Being in Epp's favor proves to be even worse than the alternative as his attentions turn to his best cotton picker, a young female slave named Patsey, played by newcomer Lupita Nyongo. Patsey is the target of Epp's affections and is trotted out like a prized pig. Epp's calls her his "Cotton Queen" for her huge over five-hundred pound cotton hauls, which naturally makes her the object of Epp's wife's jealousy. Epps predictably rapes Patsey night after night until the woman becomes desperate enough to want to take her own life and asks Solomon (Platt) to do what she cannot bring herself to do. Solomon of course refuses.

This reminded me of dolphin trainer-turned-marine-mammal activist Ric O'Barry, who used to capture and train dolphins for the popular TV series "Flipper". O'Brien watched as one of the dolphins who played Flipper named Kathy swam into his arms and deliberately stopped breathing. According to O'Brien, Kathy committed suicide.

You read that correctly. Flipper killed herself on purpose.

The despair of the captives is the singular leitmotif of this film. Even the "happy" plight of a slave mistress of a neighboring plantation to Epp's house of horrors is tinged with sadness. This reminded me of so-called humane animal farming practices, when animal exploitation is justified because the captives are treated "well enough". What a steaming load of crap. Just as a pampered slave or two does not make the entire institution of slavery okay, a pampered pet cow or chicken who eventually ends up in the same slaughterhouse as her less-pampered contemporaries does not make animal slavery okay.

Solomon meets a white laborer on Epp's plantation named Armsby who seems sympathetic at first. He beseeches the man to send a letter to his family in Saratoga Springs, paying him all of his fiddle-playing earnings after hearing him say that he wasn't a successful overseer in his past because he could never quite dehumanize himself enough to enjoy whipping slaves. Armsby later betrays Solomon by selling him out to Epps and Solomon only narrowly escapes Epp's alcohol-fueled wrath. In my mind, Armsby's modern day equivalent is the slaughterhouse worker, a guy who becomes a monster because of what he is forced to do for a living day in and day out. He sees things that rightfully haunt and disturb him. He learns to divorce himself from his own feelings until he is transformed into a lying, scheming sociopath lowlife in order to continue existing.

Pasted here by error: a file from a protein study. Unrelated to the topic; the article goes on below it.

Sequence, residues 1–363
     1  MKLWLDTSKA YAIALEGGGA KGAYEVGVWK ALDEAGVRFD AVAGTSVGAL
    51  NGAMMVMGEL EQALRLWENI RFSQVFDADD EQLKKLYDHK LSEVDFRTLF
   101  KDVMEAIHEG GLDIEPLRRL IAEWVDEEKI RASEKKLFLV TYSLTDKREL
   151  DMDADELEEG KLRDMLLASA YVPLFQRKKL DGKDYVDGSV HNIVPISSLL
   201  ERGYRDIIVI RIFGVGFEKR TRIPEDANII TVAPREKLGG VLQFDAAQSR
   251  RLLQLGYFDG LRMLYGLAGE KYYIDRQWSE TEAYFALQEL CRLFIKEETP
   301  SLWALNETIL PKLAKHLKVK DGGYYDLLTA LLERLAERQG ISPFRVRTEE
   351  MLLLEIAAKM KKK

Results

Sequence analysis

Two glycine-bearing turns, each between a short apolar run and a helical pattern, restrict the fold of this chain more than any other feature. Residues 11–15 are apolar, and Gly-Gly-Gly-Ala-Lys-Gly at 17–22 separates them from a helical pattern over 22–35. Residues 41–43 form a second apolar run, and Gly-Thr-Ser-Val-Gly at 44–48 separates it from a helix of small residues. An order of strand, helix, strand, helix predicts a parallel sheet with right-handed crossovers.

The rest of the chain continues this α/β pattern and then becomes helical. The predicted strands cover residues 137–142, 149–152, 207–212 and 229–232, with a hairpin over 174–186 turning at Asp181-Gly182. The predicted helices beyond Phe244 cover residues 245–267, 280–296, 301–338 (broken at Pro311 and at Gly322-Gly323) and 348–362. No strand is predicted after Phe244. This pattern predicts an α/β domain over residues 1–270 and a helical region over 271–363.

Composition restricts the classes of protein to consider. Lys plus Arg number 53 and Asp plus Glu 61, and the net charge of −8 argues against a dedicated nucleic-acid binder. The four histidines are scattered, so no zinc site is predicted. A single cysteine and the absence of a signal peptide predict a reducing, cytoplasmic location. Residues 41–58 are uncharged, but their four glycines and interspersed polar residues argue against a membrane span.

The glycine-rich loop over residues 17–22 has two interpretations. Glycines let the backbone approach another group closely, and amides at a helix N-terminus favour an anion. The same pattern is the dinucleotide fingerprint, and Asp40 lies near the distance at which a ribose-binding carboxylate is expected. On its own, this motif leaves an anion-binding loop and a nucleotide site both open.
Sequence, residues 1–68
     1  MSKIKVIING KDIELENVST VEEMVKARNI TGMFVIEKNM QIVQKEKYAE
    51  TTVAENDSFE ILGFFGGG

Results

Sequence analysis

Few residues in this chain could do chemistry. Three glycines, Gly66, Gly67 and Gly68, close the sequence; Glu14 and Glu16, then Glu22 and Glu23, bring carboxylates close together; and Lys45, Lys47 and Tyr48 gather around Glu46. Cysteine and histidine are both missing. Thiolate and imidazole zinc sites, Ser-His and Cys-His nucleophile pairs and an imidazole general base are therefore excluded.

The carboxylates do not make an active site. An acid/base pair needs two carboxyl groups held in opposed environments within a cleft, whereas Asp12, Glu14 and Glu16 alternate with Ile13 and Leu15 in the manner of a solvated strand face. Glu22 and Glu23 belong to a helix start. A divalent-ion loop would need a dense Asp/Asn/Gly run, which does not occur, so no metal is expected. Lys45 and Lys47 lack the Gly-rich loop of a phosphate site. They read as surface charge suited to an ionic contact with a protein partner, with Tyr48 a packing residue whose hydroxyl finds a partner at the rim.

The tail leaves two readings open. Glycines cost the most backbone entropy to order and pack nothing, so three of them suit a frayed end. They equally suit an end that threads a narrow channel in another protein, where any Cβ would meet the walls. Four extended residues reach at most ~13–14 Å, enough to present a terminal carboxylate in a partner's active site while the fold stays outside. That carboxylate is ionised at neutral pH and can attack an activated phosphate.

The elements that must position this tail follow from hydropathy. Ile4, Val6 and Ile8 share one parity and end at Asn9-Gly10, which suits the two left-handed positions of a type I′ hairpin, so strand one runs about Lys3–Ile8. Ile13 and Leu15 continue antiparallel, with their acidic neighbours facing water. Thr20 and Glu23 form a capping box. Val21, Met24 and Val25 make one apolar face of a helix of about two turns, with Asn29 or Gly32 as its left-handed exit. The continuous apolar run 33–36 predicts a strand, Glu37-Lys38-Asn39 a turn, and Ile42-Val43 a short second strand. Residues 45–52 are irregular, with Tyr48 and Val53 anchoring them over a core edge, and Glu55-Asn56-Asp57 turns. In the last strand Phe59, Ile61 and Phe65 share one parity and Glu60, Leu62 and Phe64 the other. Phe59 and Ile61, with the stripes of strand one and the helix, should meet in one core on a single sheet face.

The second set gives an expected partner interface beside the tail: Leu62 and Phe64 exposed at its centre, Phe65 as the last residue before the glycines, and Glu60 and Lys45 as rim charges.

12 Years A Slave is beautifully and expertly filmed down to the last detail. Its minimalist, nature-focused cinematography captures the essence of the nineteenth century as does its painstakingly historically accurate costumes. The smallest aspect of nineteenth century existence was appreciated, including the bygone ability of people to communicate in complete, well-articulated sentences.

This is definitely a must-watch film that I hope will help everyday people make the connection. There was not a single person that walked out of the theater with a smile on his or her face. I don't believe any person who watched 12 Years A Slave did so without becoming sad or angry. Yet the same folks who were outraged when Eliza's children were ripped away from her in a horrible, inhuman auction buy and eat the dead bodies and mammary secretions of cows who were victimized in remarkably similar ways to Eliza. When Epp's disturbed wife forces the slaves to dance in her parlor while Solomon saws away at his fiddle, I may have been the only one to think of zoos where animals from far away places are put on display for the delight of human children. The same people who wondered at the grandiose system that gave us the rum/cotton/human trade triangle should have also wondered at the great modern triumvirate of GMO corn/meat/Big Pharma that keeps them hooked. Both systems are self-perpetuating and self-feeding and require our participation and tacit agreement in order to survive.

I hope that one day there is a movie that is the animal equivalent of 12 Years A Slave, a heartbreaking narrative where we see the story of an individual animal forced into a life of slavery and collectively say to ourselves: "Never again."